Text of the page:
Interest rate policy is right where it should be considering the current state of the US economy, though that could change if conditions weaken, Federal Reserve Vice Chairman Richard Clarida said.  Clarida gave generally high marks to the US economy & he reiterated the Fed's broader position that it will base policy on data as it unfolds.  He did, however, outline the conditions under which he might consider cutting rates, which the market is expecting & Pres Trump is demanding.  “If the incoming data were to show a persistent shortfall in inflation below our 2 percent objective or were it to indicate that global economic and financial developments present a material downside risk to our baseline outlook, then these are developments that the [Federal Open Market Committee] would take into account in assessing the appropriate stance for monetary policy,” Clarida said during a speech in NY.  As things stand, he indicated policy is appropriate as unemployment remains low, inflation is around the Fed's 2% target & rates are near where the central bank considers neutral, or neither restrictive nor stimulative.  “Midway through the second quarter of 2019, the U.S. economy is in a good place,” he added.  “By most estimates, fiscal policy played an important role in boosting growth in 2018, and I expect that fiscal policies will continue to support growth in 2019.”  The Fed's benchmark funds rate, which banks charge to each other for overnight lending & which forms a basis for most consumer rates, is targeted between 2.25-2.5%.  That’s right where the current economic variables suggest it should be, Clarida said.  Markets differ with the assessment — futures trading, which can be volatile, is currently pricing in 2 rate cuts by Jan.  Fed officials, by contrast, say they are content with taking a “patient” approach, & they have forecast no moves in either direction at least through the end of 2019.  Recent signs are showing that the economy is slowing after GDP rose 3.1% in Q1.  Worries are mounting that the US-China trade war will have an impact on investment & demand, though the issue seemed to receive little attention at the most recent Fed meeting.

Fed’s Clarida says no need for rate cuts unless economy weakens

The number of Americans filing applications for new unemployment benefits increased last week but remained near historic lows.  Initial jobless claims, a proxy for layoffs across the US, rose 3K to a seasonally adjusted 215K last week, the Labor Dept said.  The forecast called for 215K new claims.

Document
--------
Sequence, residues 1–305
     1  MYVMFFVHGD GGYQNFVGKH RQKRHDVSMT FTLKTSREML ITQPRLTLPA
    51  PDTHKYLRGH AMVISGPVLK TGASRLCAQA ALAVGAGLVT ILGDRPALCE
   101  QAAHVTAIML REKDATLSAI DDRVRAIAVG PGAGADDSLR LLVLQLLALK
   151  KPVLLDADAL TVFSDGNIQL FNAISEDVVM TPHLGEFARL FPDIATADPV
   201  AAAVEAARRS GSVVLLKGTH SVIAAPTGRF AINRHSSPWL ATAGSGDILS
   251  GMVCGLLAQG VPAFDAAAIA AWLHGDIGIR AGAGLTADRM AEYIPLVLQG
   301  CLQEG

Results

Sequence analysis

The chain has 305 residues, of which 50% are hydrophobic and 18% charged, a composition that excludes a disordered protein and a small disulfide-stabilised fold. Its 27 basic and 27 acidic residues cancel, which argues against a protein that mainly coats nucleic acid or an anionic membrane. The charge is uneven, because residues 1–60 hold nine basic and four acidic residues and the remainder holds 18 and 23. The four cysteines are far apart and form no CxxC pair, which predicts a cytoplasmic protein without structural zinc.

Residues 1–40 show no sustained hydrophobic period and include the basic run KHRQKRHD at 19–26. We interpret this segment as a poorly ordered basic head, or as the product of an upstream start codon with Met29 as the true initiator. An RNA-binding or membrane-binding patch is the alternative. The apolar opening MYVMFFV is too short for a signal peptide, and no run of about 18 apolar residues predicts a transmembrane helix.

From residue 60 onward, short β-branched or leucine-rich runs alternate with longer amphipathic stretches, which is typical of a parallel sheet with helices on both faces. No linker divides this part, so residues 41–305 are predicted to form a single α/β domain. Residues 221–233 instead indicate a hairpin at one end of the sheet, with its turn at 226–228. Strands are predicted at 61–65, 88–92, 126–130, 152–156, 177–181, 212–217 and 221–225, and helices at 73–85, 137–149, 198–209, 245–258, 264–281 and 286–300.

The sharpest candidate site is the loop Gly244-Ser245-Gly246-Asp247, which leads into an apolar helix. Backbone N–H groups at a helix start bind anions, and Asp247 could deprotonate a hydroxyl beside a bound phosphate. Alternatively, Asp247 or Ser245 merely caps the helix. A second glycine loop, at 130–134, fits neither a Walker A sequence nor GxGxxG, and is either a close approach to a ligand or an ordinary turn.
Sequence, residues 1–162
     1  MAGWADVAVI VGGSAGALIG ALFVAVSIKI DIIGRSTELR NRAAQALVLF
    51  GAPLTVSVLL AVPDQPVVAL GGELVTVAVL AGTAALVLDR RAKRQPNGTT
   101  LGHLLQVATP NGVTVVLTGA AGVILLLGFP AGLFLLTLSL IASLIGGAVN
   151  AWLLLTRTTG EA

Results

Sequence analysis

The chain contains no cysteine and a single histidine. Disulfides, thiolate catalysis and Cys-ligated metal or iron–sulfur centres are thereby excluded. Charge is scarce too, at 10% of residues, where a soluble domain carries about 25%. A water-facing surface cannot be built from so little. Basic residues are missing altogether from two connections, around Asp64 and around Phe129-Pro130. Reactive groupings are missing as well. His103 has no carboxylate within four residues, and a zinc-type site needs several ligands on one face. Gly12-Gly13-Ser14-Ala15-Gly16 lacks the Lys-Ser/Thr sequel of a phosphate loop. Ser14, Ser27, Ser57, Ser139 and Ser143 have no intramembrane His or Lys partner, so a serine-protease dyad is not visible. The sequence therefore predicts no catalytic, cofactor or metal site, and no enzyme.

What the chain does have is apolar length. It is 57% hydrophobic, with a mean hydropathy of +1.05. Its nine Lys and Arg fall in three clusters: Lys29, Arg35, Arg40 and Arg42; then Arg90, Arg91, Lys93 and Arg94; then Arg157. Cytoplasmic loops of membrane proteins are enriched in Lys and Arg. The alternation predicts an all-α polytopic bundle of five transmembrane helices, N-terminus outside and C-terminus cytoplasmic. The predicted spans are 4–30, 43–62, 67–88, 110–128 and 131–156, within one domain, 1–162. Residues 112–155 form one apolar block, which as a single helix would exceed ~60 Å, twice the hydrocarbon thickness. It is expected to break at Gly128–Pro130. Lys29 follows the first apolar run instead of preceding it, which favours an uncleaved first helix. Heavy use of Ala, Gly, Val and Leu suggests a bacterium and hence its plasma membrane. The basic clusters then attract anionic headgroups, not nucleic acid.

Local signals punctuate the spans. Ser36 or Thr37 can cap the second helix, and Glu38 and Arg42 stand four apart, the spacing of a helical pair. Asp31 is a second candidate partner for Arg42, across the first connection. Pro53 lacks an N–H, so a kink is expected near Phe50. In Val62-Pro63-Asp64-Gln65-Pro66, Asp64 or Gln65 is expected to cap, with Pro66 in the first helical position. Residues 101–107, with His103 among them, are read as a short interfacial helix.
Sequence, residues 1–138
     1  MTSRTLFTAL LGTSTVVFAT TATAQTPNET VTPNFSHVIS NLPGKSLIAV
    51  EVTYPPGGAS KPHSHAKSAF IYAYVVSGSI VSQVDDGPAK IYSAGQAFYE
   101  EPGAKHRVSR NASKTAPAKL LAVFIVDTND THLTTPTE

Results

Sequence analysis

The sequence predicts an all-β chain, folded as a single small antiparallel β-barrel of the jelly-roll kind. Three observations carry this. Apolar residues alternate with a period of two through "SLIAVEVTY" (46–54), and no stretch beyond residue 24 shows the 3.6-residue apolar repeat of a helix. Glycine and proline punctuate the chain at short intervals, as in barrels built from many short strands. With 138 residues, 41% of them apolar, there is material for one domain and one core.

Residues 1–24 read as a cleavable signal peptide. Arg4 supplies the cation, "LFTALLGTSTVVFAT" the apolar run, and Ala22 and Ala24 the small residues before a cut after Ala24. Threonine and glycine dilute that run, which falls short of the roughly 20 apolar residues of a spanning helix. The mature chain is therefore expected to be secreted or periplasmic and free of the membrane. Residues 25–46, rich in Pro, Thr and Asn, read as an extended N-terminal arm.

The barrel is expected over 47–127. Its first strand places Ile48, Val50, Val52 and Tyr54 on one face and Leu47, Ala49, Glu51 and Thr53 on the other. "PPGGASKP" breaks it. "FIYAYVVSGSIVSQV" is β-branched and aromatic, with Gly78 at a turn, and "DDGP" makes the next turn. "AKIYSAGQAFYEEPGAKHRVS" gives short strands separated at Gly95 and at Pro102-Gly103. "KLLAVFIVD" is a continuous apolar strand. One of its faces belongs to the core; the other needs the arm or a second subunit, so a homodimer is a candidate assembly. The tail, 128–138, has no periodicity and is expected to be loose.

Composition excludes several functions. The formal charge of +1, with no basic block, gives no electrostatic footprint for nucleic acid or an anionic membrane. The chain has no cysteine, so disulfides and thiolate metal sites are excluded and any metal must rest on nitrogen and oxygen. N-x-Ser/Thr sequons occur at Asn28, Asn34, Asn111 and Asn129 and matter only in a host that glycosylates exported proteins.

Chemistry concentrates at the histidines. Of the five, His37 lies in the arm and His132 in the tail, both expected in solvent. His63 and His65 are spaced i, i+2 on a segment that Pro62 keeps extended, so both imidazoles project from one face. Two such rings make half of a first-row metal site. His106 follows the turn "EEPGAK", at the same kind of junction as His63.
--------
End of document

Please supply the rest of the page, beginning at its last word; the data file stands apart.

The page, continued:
U.S. Jobless Claims Increase but Remain Near Historic Lows

Oil futures dropped, with US & global benchmark prices posting their lowest settlements since Mar, after gov data revealed a weekly decline in domestic crude stockpiles that was much less than expected.  The data also showed a further increase in production that was already in record territory.  West Texas Intermediate crude for Jul delivery lost $2.22 (3.8%) to settle at $56.59 a barrel.  Front-month prices settled at their lowest since Mar 8 & trade down by more than 11% for May.  Global benchmark Jul Brent fell $2.58 (3.7%) to $66.87 a barrel, the lowest finish since Mar 12.  The contract expires tomorrrow.  Front-month contract prices have lost more than 8% in May.  The Energy Information Administration (EIA) reported that US crude supplies edged lower by 300K barrels last week, the first weekly decline in 3 weeks, but significantly less than the 1.4M-barrel declined expected.  The American Petroleum Institute yesterday also reported a much bigger decrease of 5.3M barrels.  The EIA also estimated that domestic production rose 100K barrels to 12.3M barrels a day last week.

Oil prices drop as U.S. supply falls much less than expected and output grows

The Dow began the day in the black, but nervous investors lost their early enthusiasm.  It bobbed around for the rest of the session & closed with a modest gain.  Trade tensions are running high & there is no end in sight.  The US economy continues to do well, but the US-China trade conflict is expected to lower the 3.1% growth rate in Q2 (& probably later).  These are trying times for investors.

Dow Jones Industrials